Louisiana education officials are working to develop plans to address how schools with technology shortfalls will undertake computerized teaching and testing tied to Common Core.
The Louisiana Board of Elementary and Secondary Education (BESE) President Chas Roemer and state Education Superintendent John White said that they are fully aware that some schools, especially in rural areas, do not have the necessary technology to properly teach and assess under Common Core, writes Lauren McGaughy in The Times Picayune.
According to White, a “backup technology plan” for these schools will be presented at the December BESE board meeting. The two said that they wanted to do all they could to ensure every school’s transition to the new standards was smooth.
However, they also pointed out that some districts have not done enough over the last five years to plan for Common Core’s rollout this fall.
“We’re going to accommodate any district that’s not ready. We’ve made that concession,” Roemer told the meeting of state representatives on Monday. “But to suggest that school systems, at this point, haven’t been able to properly provide technology, I think that’s a falsity, I think that’s a fallacy.”
White said that the targeted 7:1 ratio of students to computers in the classroom “should be attainable.” The state has taken steps to offer the necessary technology to schools in bulk to save on costs and some have not made steps to take advantage of that, White added.
Lawmakers are concerned about the effectiveness of the new standards. State Rep. Cameron Henry, R-Metairie wants to stop the Common Core rollout altogether. He disagreed with the two education officials during the meeting and requested proof the standards will work in Louisiana and assurances student data won’t be shared with federal agencies or private companies.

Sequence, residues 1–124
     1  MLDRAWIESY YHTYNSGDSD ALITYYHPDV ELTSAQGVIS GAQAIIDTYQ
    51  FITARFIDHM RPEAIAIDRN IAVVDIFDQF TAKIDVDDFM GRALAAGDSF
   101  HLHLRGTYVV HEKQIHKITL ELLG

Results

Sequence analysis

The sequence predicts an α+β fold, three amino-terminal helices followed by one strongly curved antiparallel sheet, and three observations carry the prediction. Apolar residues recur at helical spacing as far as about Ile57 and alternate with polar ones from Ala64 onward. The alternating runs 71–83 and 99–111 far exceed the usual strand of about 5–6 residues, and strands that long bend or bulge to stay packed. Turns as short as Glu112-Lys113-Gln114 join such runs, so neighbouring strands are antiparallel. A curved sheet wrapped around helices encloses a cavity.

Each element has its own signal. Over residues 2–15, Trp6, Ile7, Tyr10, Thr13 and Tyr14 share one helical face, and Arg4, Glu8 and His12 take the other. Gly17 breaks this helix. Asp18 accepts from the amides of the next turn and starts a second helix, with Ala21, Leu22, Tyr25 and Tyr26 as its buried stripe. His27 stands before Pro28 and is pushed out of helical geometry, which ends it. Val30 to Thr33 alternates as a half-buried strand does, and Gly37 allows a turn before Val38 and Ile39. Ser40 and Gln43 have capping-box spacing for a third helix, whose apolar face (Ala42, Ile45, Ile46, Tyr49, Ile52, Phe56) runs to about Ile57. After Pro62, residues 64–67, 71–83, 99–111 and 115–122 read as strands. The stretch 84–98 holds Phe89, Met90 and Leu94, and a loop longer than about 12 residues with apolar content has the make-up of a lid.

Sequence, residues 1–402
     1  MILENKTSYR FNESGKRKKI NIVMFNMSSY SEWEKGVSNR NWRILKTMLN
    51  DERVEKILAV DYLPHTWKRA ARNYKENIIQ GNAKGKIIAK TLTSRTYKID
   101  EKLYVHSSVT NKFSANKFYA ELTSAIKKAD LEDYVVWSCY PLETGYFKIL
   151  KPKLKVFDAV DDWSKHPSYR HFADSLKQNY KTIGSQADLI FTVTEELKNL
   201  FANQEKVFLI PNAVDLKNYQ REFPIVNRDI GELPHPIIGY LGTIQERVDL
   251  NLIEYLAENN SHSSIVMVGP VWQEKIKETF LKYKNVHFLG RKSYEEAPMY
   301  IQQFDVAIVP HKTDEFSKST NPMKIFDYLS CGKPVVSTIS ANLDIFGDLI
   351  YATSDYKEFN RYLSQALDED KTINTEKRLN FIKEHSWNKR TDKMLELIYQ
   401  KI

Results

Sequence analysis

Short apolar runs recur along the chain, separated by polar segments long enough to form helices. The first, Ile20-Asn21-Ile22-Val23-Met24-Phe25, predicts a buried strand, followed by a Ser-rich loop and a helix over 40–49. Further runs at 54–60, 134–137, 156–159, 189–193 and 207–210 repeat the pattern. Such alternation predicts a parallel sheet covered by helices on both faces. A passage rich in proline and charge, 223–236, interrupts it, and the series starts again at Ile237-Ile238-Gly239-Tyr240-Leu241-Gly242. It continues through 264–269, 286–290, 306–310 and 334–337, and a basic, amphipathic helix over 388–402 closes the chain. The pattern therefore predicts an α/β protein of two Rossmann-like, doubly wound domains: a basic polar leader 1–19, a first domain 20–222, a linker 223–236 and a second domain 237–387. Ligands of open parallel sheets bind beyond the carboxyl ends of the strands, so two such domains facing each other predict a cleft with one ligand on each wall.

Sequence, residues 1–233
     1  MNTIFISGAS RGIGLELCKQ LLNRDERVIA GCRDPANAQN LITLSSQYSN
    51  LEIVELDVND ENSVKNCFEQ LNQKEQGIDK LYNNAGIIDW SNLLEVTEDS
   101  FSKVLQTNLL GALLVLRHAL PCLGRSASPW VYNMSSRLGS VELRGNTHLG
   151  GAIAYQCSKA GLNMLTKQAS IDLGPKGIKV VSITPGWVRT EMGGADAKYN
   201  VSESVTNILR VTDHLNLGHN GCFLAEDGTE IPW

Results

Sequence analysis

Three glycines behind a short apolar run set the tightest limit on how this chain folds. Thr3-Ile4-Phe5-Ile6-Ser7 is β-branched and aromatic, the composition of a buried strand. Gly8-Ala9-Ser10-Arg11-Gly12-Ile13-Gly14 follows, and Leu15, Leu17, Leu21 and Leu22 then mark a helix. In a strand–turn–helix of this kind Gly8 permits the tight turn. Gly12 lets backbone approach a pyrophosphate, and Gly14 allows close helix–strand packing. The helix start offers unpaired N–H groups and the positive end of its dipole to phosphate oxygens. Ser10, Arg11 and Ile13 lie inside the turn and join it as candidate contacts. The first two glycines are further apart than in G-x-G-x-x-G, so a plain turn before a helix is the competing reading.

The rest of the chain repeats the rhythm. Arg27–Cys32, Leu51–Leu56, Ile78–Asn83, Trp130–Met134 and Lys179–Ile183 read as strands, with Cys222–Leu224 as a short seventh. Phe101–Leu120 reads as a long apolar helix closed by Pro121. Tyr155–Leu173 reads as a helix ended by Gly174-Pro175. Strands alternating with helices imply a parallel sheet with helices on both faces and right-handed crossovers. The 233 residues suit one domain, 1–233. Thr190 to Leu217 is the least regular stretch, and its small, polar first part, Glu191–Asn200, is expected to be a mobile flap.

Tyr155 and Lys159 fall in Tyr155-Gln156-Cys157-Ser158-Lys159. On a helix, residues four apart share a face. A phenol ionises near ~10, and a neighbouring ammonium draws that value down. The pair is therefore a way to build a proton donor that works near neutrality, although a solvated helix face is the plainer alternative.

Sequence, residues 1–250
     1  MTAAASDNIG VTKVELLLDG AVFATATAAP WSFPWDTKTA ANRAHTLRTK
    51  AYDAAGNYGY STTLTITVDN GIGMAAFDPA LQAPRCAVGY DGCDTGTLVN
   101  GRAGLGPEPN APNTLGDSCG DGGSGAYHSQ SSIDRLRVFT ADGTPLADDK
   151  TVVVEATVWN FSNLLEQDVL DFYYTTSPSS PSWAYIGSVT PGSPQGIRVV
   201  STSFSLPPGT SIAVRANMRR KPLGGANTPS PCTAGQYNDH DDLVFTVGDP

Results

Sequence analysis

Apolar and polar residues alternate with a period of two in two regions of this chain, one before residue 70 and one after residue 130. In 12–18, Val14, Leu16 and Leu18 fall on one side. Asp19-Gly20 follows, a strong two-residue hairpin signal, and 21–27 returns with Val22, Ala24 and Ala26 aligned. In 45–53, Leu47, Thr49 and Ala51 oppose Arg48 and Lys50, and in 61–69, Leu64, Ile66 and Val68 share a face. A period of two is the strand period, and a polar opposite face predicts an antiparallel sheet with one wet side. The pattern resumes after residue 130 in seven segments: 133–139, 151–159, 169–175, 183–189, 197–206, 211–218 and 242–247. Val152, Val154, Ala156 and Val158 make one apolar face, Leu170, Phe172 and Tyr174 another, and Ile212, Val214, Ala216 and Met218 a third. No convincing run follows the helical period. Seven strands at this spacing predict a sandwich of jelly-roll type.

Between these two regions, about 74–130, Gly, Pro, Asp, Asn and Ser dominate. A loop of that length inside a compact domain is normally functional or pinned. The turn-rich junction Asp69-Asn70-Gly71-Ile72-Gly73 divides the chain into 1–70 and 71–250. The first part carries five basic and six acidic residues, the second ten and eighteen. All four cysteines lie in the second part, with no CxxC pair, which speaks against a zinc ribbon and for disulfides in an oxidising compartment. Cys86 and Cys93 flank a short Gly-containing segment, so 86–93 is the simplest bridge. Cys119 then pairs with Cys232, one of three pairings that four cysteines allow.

“I know I have to do something to get the parents in my district and the one in my house to get more comfortable with the material,” Henry said, alluding to his intent to file legislation to block the continued implementation of the standards.
Democratic Caucus head John Bel Edwards, D-Amite, asked the state Department of Education to make the rollout as smooth as possible. He and Baton Rouge Democrat Patricia Haynes Smith were just two of the lawmakers reiterating teachers’ concerns that the implementation of Common Core has happened too quickly and with too little oversight and input from stakeholders.
In answering the questions, White said he will present ideas at the December BESE board meeting on how to mitigate technology deficiencies from school to school. He told lawmakers that the standards have been in the implementation stage for five years – plenty of time for teachers and schools to get ready.
Calling the technology needs a mandate on schools, state Rep. Kenny Havard, R-Franklin, said the state should have spent an extra $500,000 to “buy all of the computers” needed for teaching and testing.
White said the state spends $50 million a year on textbooks that are largely obsolete. “If there were more money for public education, I think we would be the first ones in line to support it,” he said.